Chemtool cleans up, lawsuits warm up


Entrance to Chemtool plant, Nov. 18, 2022

More than a year after the massive explosion and fire on June 14, 2021 at the Chemtool facility in Rockton, the company's official website says, "Our company remains committed to the cleanup of our Chemtool Rockton site. We are in the process of cleaning up the area at our Rockton site in a safe and efficient manner. For queries, please reach out to us at"

An April 25, 2022 court order [PDF] required Lubrizol, Chemtool's parent company, to finish hauling off the wastewater that had been used in putting out the fire. It was still stored in frac tanks and Clean Harbors was assigned to dispose of it. Also, they were to "install permanent, clay seals of all plugged storm water drains along the west side of the Site." After demolition, Lubrizol might have to permanently seal off the Chemtool sewer line, if that's necessary to protect the Rockton sanitary sewer. Otherwise, if the sanitary or storm sewers connections no longer pose a threat, then Lubrizol might be allowed to remove the plug or plugs. 

The April 2022 judgment also required Lubrizol to reimburse the Illinois EPA, Winnebago County, and Illinois Emergency Management Agency (IEMA) for the cost of cleanup. Independent engineering consultant Baker Engineering and Risk Consultants was hired to perform a "root cause analysis" of the cause of the fire.

Is Chemtool on track to meet those deadlines and to follow those orders?

Early this month, Kim Biggs, Public Information Officer for the Illinois EPA told us, "Regarding remediation of the site, removal of the burned structures is projected to be complete by the end of November. Environmental site investigation is ongoing. Once the environmental site investigation is complete, the Illinois EPA will review the results to evaluate the need for further site investigation or environmental remediation. A date for completion of any environmental cleanup needed is currently unknown. Work is proceeding in accordance with the Agreed Immediate and Preliminary Injunction Order and follows the plan proposed in April. The Illinois EPA remains focused on ensuring Chemtool is complying with the Agreed Immediate and Preliminary Injunction Order.

Karol Szul, a spokesperson in the Winnebago County State’s Attorney’s Office, told us, “The demolition of the building structure and removal of all materials is ongoing, and our understanding is that Chemtool expects to complete demolition by early December. While this process continues, Chemtool is operating five air monitors on site and the Illinois Environmental Protection Agency (EPA) is monitoring several waste streams generated by the demolition.” The Winnebago County State’s Attorney joined with the Illinois Attorney General to file a lawsuit that led to the April 25 order.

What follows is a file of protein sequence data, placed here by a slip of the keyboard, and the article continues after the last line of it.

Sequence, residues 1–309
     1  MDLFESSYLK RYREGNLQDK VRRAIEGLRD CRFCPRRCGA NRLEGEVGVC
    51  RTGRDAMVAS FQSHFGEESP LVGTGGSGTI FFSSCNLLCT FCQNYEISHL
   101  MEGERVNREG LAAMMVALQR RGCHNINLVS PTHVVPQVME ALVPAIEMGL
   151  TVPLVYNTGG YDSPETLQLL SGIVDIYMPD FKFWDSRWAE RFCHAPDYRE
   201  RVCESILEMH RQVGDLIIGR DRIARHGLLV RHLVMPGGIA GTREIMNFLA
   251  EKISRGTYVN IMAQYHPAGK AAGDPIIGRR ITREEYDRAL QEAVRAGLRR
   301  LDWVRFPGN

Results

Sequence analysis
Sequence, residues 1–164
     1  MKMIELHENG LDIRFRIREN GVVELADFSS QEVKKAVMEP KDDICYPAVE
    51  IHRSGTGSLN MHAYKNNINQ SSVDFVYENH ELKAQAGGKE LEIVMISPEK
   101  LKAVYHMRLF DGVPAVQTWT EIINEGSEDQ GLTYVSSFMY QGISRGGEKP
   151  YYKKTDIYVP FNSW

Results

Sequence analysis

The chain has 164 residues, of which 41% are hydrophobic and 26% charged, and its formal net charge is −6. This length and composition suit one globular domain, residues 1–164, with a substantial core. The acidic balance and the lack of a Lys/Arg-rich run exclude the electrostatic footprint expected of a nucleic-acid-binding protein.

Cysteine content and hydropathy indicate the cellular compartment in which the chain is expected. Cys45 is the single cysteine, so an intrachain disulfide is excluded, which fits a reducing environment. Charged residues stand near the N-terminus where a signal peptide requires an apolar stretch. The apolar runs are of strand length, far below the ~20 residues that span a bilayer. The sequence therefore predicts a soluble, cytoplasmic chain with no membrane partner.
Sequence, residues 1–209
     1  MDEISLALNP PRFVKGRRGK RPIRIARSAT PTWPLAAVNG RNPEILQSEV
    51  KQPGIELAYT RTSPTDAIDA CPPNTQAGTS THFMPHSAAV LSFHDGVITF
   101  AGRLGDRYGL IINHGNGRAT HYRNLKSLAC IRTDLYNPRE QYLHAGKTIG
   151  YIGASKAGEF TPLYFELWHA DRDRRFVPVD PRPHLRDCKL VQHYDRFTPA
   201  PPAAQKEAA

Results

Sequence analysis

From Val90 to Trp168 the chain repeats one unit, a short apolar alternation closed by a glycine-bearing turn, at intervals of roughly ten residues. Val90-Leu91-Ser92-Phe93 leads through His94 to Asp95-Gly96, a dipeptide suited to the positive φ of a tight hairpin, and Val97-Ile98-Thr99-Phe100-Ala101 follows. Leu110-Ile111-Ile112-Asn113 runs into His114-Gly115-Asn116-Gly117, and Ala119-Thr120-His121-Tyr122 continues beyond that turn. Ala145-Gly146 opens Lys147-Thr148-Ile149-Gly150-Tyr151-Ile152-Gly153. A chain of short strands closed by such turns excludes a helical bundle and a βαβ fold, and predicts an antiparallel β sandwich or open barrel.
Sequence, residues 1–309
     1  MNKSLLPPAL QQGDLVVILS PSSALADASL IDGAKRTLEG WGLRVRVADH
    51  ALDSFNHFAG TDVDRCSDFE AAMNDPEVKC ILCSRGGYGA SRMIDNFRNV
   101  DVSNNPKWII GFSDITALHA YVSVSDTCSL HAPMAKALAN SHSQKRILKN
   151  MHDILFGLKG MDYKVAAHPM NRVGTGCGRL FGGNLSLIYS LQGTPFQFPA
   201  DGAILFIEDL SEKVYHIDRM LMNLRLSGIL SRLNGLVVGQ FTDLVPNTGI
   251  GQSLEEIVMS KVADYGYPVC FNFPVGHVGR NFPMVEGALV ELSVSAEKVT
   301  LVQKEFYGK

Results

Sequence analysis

Speaking of lawsuits, on October 10, 2022, Judge Stephen Balogh of the 17th Judicial Circuit Court granted the plaintiffs’ motion for class certification for Grasley vs. Chemtool No. 2021-L-0000162.

That means, ruled the judge, that the state class action lawsuit can cover "all current Illinois citizens who were, on June 14, 2021, owners or tenants of property located in Illinois within a three-mile radius of the Chemtool Chemical Plant."

The attorneys who want to represent these Stateline residents told the judge they have "no claims for personal injury, only for damages and injunctive relief for property injuries."

Judge Balogh has set the next hearing for Grasley vs. Chemtool for Friday, Dec. 2, 2022 at 3 p.m. in Courtroom 108. The hearing is not scheduled to be livestreamed on YouTube.

In two federal cases in the Northern District of Illinois, attorneys with The Collins Law Firm and Miner, Barnhill, & Galland are representing Stephanie Mackey and Nick Migliore (Mackey v. Chemtool, Inc., 2021-L-0000165) and Sara Henderson (Henderson v. Chemtool, Inc., 2021-L-0000175.1). They wanted to move their two cases back to state court, where Grasley v. Chemtool Inc. is still being decided. They pointed out that the Class Action Fairness Act of 2005 (CAFA) [PDF] says that state courts, not federal courts, should decide purely "local controversies."

United States District Judge Honorable Iain D. Johnston agreed the Chemtool case meets some of the requirements of being a "local controversy." That is, the plaintiffs and defendants are in Illinois. But when Congress wrote CAFA, they also included another requirement: "no other class action" can have been filed "asserting the same or similar factual allegations."

The problem is that, in fact, two other class actions have been filed since Grasley v. Chemtool. The plaintiffs argued that those shouldn't count because they were filed only days apart, that CAFA is ambiguous, so the judge needs to add exceptions to CAFA. Judge Iain Johnston ruled CAFA isn't ambiguous. "Congress is fully capable of drafting statutory text that expands the definition of a class action, or that redefines the local controversy exception." But since Congress didn't, he denied the plaintiffs' request to move the case back to state court.

Meanwhile, Judge Johnston's colleague, the Honorable Lisa A. Jensen says that, "by 11/29/2022, the parties shall file a joint written status report updating the Court on the completion of class discovery. A telephonic status hearing is set for 12/1/2022 at 10:30 AM. The parties shall be prepared to discuss next steps in the case. Public access is available via the following call−in number: (877) 336−1831 with access code 2813746 #." Photographing or recording the proceedings is prohibited.

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